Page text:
AAC: Beyond Teaching Requests
Augmentative Alternative Communication (AAC) interventions are frequently recommended for individuals with Complex Communication Needs (CCN) and there is a preponderance of research supporting its use. While there are several communicative functions such as requesting, telling about something, answering questions, greetings, and protesting, about two thirds of the AAC interventions examined in research have addressed requesting. It is understandable that communication therapy begins with requesting because it has direct and immediate utility in that it can ensure the individual gets their wants and needs met. However, once requesting emerges, the other purposes of communication become necessary. Communicative functions such as labeling, commenting, and telling about something are rarely addressed in the research literature, yet they serve powerful and essential purposes for social interaction and expression of knowledge. Clinicians have little evidence-based guidance for how to approach teaching individuals with CCN to engage in information sharing behaviors. Based on an ongoing systematic review, the presenter will describe the extant research on AAC interventions addressing labeling, commenting, and telling about something. In addition, recommendations for teaching the various communicative functions via AAC will be offered based on a fine-grained analysis of context-communication relations.
5 mins - Disclosures, Introduction
10 mins - Review of current research
30 mins - Objectives
Summarize the extant literature on teaching labeling, commenting, and telling communicative functions via AAC intervention.
Distinguish between the contextual variables for each of the communicative functions.
Explain why understanding the functions of communication is critical to teaching them properly.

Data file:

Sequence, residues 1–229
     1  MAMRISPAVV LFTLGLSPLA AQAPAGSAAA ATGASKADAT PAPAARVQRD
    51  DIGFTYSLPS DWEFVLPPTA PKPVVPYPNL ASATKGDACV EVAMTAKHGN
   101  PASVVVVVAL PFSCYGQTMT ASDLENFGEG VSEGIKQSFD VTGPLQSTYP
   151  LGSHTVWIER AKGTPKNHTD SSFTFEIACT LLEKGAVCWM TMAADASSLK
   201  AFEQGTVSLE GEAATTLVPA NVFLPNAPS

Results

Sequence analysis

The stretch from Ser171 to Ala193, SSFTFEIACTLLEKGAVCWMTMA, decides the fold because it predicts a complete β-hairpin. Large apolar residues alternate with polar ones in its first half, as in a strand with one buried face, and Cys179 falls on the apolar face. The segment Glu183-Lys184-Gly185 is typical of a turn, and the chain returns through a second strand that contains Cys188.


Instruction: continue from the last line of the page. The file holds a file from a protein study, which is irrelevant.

10 mins - Results and Recommendations
5 mins - Q&A
ASHA: 0.1 ASHA CEUs,
CA SLPAHB: 1 hr
CMH: 1 hr
About the Presenter
Bio and Disclosures
Bio: Dr. Spencer is an associate professor at the Rightpath Research & Innovation Center in the Department of Child and Family Studies, University of South Florida. She earned a specialist degree in School Psychology and a PhD in Disability Disciplines from Utah State University with emphases in language and literacy and early childhood special education. She has been a board certified behavior analyst since 2001. Dr. Spencer has worked with culturally, linguistically, and economically diverse children as well as children with disabilities, their teachers, and their families for 20 years. She has published 54 articles in peer-reviewed journals, 5 book chapters, and 22 non-peer reviewed articles, briefs, or encyclopedia entries. Much of her research has resulted in commercialized or open access educational materials, most of which are available at trinastoolbox.com. She has two current Institute for Education Sciences (IES) funded projects related to academic language and literacy interventions for at risk students. Her publications and editorial service span a number of disciplines including applied behavior analysis, speech-language pathology, early childhood education, special education, applied linguistics, and school psychology. She serves as the chair for the American Speech Language Hearing Association’s (ASHA) committee on Clinical Research, Implementation Science, and Evidence-Based Practice (CRISP), leads a national network of early childhood researchers who study Multi-Tiered Systems of Supports (MTSS) and serves as an editorial board member for Language-Speech-Hearing Services in Schools (LSHSS). Dr. Spencer led the ABAI Practice Board workgroup to develop the resource document entitled, Interprofessional Collaborative Practice Between Speech Language Pathologists and Behavior Analysts. Benefitting from strong collaborations with community partners, Dr. Spencer maintains a spirited research agenda to improve the academic and social outcomes of the nation’s most vulnerable students.
Financial— Dr. Spencer received a speaking fee from the Lavi Institute/Power Up Conference
Nonfinancial— No relevant nonfinancial relationship exists.
- Summarize the extant literature on teaching labeling, commenting, and telling communicative functions via AAC intervention.
- Distinguish between the contextual variables for each of the communicative functions.
- Explain why understanding the functions of communication is critical to teaching them properly.
Satisfactory Course Completion Requirements
This course must be watched in its entirety. In order to receive the CMH or the CEU certificate, a quiz is required to be completed with 80% success.
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